Under the proposed rule, all new cars and like trucks would communicate wirelessly not just with one another, but with traffic lights and other roadway infrastructure. NHTSA officials say the technology has the potential to transform driving and dramatically slash the number of traffic deaths every year. The rule would be mandatory for all new model vehicles, if the rule is approved.

So how exactly would this work? Well first, it’s important to outline what V2V is. It is a type of crash avoidance technology that hinges on the communication of information between nearby vehicles that can warn drivers about possibly hazardous situations that might lead to a collision. For instance, V2V technology could alert a driver that the vehicle up ahead is breaking, so they need to slow down. It could also inform a motorist that it isn’t safe to go through an intersection because another vehicle – one that can’t yet be seen by the driver – is fast approaching that same intersection. The information communicated would involve short-range data (about 300 meters) that would include other vehicle information such as:

  • Location
  • Speed
  • Direction
  • Breaking status

This information exceeds what can be gleaned from the current cameras, radar and ultrasonic sensors that many vehicles are currently affixed with. V2V communications can also detect a threat much sooner than camera sensors or radar. In fact, the data is shot out at a rate of about 10 times per second. Continue reading

Personal bankruptcy filings have been declining in recent years – which is an indicator of national recovery. But there were still 3,440 filed in Florida just in January 2016. Such filing are popular in the first month of the year, when consumers begin to carefully assess their finances after the holidays. Bankruptcy, of course, should be the last and final option for anyone facing financial hardship, as so many personal injury victims do after suffering from severe injuries. sad

In most situations, people who have obtained a favorable judgment for that personal injury are allowed to claim an exemption to be able to retain those damages, instead of having to dole it out to creditors. However, there could be some variation of this from state-to-state.

In Florida, you can keep the money you get (or will get) as a result of a lawsuit or settlement award – if that money is exempt under state and/or federal statutes. Florida’s personal injury exemption is listed in F.S. 769.05, which protects settlements or awards received if you are injured in a hazardous occupation. The law also allows you to keep up to $1,000 of your own personal property, up to $1,000 of a lawsuit or settlement and up to $4,000 of personal property (which includes a lawsuit or settlement award). Keep in mind that if you have commingled your funds, you may potentially lose your settlement or jury award. A bankruptcy attorney can help you sort this all out, but if you are considering bankruptcy prior to filling a personal injury lawsuit, you may want to discuss this with your injury lawyer to make sure you’ll be able to keep whatever you win.  Continue reading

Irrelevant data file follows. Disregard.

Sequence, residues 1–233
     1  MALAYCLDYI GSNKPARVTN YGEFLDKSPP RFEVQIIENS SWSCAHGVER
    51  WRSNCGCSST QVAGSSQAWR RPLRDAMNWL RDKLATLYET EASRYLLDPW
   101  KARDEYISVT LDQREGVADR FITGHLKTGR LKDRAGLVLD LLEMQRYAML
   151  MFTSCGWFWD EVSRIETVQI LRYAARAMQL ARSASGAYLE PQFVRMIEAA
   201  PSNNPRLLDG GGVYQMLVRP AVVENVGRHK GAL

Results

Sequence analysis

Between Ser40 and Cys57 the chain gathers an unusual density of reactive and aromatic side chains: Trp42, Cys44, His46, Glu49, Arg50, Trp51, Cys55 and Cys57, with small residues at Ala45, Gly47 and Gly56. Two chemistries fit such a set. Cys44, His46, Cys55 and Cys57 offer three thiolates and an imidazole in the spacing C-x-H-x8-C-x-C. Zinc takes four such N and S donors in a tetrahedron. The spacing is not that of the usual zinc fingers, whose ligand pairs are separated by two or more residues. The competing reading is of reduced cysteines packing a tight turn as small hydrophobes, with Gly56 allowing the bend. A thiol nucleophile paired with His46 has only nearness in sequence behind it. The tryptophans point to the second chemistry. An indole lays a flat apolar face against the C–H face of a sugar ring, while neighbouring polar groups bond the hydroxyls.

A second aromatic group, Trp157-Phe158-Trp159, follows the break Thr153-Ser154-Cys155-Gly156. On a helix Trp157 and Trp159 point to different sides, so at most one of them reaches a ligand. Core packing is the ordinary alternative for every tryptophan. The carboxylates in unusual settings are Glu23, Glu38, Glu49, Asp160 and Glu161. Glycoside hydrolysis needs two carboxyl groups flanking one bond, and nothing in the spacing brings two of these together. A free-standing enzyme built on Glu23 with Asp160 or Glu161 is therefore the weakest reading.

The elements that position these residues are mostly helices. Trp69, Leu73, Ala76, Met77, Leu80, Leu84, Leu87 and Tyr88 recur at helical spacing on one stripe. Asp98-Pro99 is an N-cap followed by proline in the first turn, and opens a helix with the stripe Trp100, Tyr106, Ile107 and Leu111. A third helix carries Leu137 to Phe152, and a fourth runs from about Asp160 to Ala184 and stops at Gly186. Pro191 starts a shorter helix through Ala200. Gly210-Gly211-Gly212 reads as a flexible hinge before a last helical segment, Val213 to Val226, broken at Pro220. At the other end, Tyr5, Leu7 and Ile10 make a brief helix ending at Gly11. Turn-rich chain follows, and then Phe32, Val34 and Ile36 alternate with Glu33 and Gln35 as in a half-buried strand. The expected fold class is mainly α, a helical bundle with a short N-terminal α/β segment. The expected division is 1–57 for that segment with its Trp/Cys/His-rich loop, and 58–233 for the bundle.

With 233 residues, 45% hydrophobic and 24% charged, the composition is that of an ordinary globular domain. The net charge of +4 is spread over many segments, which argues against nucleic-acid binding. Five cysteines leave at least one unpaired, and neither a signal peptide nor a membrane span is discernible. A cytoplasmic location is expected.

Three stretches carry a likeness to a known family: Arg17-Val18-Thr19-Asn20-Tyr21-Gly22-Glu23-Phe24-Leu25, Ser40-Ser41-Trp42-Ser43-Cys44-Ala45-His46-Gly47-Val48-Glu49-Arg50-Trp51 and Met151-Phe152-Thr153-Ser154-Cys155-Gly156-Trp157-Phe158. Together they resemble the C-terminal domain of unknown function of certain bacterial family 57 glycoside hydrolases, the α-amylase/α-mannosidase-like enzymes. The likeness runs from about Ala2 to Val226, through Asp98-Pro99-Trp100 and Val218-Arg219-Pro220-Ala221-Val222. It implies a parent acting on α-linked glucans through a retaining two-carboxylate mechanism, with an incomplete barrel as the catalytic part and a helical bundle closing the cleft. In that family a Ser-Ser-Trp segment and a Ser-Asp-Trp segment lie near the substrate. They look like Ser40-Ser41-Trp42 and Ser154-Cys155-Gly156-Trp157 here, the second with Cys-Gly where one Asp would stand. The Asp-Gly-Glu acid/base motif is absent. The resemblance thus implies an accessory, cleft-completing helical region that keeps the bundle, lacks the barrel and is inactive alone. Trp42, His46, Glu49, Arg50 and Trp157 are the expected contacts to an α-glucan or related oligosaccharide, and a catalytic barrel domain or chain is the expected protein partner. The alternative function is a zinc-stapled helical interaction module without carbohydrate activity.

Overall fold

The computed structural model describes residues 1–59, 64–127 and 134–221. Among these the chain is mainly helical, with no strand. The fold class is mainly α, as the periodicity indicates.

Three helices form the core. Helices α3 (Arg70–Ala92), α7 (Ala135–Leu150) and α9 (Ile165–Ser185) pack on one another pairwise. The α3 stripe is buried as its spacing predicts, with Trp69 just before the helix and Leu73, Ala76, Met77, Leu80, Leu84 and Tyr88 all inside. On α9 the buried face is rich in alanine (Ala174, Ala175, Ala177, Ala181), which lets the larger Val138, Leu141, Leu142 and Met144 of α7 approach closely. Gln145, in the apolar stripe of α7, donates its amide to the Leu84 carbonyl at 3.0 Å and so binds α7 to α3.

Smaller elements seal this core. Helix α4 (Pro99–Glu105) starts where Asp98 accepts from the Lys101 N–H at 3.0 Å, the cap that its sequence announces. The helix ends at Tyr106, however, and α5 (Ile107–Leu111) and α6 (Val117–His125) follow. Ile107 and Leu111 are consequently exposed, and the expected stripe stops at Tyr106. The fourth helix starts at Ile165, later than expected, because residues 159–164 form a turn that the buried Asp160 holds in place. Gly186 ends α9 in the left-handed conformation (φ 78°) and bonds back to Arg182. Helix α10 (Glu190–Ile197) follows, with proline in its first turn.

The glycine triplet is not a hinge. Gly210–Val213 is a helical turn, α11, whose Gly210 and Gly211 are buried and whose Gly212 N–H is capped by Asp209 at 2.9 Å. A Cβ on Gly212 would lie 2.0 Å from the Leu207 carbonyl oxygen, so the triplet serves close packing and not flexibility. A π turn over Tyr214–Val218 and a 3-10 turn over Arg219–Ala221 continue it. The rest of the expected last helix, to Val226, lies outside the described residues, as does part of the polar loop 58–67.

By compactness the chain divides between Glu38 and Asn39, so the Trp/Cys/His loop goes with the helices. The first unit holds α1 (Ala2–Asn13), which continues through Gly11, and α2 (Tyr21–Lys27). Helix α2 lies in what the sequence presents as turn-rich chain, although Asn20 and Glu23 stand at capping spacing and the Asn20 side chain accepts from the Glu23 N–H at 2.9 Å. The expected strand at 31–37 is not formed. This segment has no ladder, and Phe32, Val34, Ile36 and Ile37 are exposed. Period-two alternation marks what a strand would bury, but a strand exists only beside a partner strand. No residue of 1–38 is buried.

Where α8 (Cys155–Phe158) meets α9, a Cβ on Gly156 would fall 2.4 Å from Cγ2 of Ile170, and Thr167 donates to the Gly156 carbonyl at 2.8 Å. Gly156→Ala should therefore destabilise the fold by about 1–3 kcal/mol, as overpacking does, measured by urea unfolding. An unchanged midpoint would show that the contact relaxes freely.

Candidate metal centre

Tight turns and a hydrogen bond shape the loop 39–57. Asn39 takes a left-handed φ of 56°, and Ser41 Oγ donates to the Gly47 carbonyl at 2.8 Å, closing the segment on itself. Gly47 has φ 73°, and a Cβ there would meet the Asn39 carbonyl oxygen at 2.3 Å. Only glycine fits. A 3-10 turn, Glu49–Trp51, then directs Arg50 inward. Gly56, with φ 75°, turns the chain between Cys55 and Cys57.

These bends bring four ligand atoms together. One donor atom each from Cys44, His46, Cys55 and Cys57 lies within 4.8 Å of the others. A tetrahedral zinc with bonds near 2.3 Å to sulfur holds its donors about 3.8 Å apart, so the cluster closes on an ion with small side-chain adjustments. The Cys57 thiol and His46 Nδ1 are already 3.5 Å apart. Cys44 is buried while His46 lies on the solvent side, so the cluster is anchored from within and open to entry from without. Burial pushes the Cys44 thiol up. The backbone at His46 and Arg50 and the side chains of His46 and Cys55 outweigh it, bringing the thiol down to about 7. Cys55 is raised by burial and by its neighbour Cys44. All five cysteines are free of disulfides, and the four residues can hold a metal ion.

The holidays are a time to spend with family and loved ones and celebrate the season. People especially look forward to New Year’s Eve and the chance to start all over again with a clean slate. But sadly, for far too many people, New Year’s is a time of endings. That’s because there is a surge in drunk drivers. Revelers are out late to ring in the New Year, and fail to plan ahead, call for a ride or just stay where they are. Instead, they risk their own lives – and the lives of their companions and everyone else sharing the road – to make it to their destination. newyearseve

Technically and statistically speaking, New Year’s Eve isn’t actually horrible when to impaired drivers. The worst comes after midnight, on New Year’s Day. According to the Insurance Institute for Highway Safety, more than half of all fatal crashes on New Year’s Day involve a driver who was drunk or impaired. Intoxication by alcohol is typically measured by whether one had a blood-alcohol concentration that exceeded 0.08.

New Year’s Day exceeds even July 4th when it comes to the percentage of fatal crashes stemming from alcohol intoxication. On that day, 42 percent of all deadly accidents involve a drunk driver. The third is St. Patrick’s Day, on which 40 percent of all roadway deaths involve impaired motorists.  Continue reading

It was supposed to be one of those memorable nights you look back on fondly with friends years later. Instead, it was the last night of Mason Zisette’s life. The 16-year-old was killed while on a double-decker, open air tour bus in California in the summer of 2014. He was aboard celebrating the 16th birthday of a female friend. As the bus passed under a pedestrian bridge, Zisette stood up. His head struck the bridge. At first, it seemed only like a small bump on his head. But he lost conscious almost immediately. He never woke up. He suffered a traumatic brain injury from which he ultimately died. teen